To stretch or not to stretch, that really isn’t a valid question for the runner. Perhaps the runner can ask “When should I stretch?” or “How do I stretch?” but, in my opinion, contemplating whether or not to stretch is a recipe for pain and injury.
The task of running is tremendous for the body. The heart works hard, the muscles work hard, the lungs get one of the best workouts possible during a run. While running is so great for a person’s health, it must be noted that all that work really stresses the body as well. After long runs, my muscles get very tight and sore, proving that they need some extra attention before you run on them again.
Stretching can help loosen up tight muscles and allow for more range of motion. Motion on loose muscle verses tight muscles seems to paint an obvious enough picture as to why runners should stretch. A well stretched and flexible runner has the potential to run faster with less effort or training verses the naughty, non-stretcher who knocks out several intense workouts in a week. That fact alone has inspired me to up my stretching game!
While better performance is a great result of stretching, the truth that stretching can help prevent injury is probably the most important reason one must stretch. When muscles are tight and are forced to power the body through a run, a perfect recipe for injury is in the works. From strains all the way to stress fractures, the results of poor flexibility are no joke.
In my experience, I can’t say that one particular time is best for stretching, just as long as it’s happening seems to be the most important factor. Some prefer before a workout, others swear by a post workout stretch session. I find that if I can incorporate stretching throughout the day, I’m better off.
The runner demands a lot from their hamstrings, quads, and calves. These tend to be the most crucial muscles to stretch. However, running asks quite a bit from the rest of the body as well. It’s important to stretch the entire body.
There are many new forms of yoga that are tailored just for the runner. There are other types of flexibility classes available in most gyms and specialty studios too. These are highly recommended and very valuable, but when the schedule doesn’t allow for these classes there are simple options for stretching at home.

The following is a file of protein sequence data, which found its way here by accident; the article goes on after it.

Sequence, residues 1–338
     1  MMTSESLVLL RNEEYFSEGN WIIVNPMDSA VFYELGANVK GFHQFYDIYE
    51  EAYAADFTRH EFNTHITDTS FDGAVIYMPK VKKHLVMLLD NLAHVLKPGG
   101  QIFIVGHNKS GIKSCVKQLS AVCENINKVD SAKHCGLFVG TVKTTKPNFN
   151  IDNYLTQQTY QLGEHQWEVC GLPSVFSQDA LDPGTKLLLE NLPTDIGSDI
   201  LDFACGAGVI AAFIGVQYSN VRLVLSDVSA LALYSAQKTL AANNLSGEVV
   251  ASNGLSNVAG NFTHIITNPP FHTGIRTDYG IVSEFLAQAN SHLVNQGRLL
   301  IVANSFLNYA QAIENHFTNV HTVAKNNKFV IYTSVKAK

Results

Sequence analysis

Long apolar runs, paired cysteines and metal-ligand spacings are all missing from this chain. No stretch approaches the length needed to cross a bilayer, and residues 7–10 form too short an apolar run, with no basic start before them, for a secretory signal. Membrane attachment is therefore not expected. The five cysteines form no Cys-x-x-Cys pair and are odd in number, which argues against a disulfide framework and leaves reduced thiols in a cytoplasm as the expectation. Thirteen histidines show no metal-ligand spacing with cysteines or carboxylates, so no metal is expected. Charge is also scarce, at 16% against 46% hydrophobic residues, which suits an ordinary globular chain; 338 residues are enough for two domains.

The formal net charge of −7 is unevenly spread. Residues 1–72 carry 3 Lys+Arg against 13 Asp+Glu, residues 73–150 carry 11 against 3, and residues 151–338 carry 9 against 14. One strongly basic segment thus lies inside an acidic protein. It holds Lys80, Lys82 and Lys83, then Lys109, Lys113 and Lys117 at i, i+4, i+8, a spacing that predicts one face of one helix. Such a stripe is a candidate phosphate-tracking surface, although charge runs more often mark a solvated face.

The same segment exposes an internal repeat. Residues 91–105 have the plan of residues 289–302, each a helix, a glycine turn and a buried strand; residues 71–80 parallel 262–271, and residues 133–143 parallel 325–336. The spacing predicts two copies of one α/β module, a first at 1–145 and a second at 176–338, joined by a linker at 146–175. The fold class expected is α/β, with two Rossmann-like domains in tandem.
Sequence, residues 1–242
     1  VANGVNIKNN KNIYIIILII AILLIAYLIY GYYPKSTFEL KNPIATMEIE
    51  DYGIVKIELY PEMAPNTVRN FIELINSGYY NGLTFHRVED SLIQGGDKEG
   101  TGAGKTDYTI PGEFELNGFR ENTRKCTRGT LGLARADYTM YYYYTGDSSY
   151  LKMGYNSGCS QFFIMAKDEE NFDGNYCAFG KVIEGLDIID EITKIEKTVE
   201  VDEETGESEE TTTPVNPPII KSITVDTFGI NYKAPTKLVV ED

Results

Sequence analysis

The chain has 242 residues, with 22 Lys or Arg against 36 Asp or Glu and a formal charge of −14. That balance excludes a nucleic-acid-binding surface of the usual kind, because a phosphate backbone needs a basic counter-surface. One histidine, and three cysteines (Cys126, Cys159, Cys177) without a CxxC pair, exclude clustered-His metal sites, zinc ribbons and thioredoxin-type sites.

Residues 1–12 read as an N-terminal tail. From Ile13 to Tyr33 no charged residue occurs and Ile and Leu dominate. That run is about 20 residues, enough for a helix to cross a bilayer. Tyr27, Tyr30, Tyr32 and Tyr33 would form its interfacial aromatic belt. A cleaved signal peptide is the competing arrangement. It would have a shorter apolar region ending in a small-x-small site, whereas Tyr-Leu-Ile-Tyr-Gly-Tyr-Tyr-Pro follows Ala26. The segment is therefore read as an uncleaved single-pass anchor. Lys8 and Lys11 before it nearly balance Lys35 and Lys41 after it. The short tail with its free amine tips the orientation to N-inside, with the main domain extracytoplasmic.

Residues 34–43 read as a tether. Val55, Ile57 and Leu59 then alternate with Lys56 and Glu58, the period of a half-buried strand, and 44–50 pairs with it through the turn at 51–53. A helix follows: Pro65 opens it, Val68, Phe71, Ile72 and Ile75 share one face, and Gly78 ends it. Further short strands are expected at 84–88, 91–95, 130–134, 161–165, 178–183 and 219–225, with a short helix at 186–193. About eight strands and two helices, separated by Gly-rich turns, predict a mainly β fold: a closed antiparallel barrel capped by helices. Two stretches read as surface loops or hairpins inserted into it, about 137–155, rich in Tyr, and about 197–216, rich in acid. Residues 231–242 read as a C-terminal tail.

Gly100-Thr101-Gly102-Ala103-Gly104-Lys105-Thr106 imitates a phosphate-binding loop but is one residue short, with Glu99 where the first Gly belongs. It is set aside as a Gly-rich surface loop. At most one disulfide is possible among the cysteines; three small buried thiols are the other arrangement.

This abbreviated list of stretches will cover many of the major running muscles. If I’m pinched for time, I try to make certain I at least do these stretches.
1. Sitting Hamstring Stretch. This stretch is done by sitting on the floor with upright posture and reaching for the toes. This really stretches out the hamstrings well. It’s important not to strain to reach the toes though. If you can’t reach, just go as far a you can and progress slowly each day.
2. Wall Leaner Calf Stretch. To get a great calf stretch, stand facing a wall with your feet a few feet away. Put your hands on the wall and keep your heels on the ground. Lean forward with the hips and feel the stretch.
3. Heel Hold. You can use the wall you just leaned on to steady yourself with one hand and with the other hand grab an ankle. Pull that heel up against the buttocks. Obviously, repeat with the other leg. The quads will really benefit from this stretch.
4. Butterfly. The butterfly is done by sitting on the floor with good posture and your legs pulled together so the soles of the feet are touching. With the knees pointing to each side, wrap your hands around your feet and stretch the legs downward towards the floor. This will stretch the muscles in the groin area.
I’ve been told my stubbornness towards stretching is common among runners. I struggle with the idea “more work” after I’m already putting in so much effort with the running alone. However, after I’ve sustained enough injuries that have been directly linked to my lack of flexibility, I’ve had to retrain my thoughts about the task of stretching. I will pass on the same advice that I was given, “You must learn to love stretching.” Fake the love if you have to, even curse it while you’re doing it, just make sure you stretch.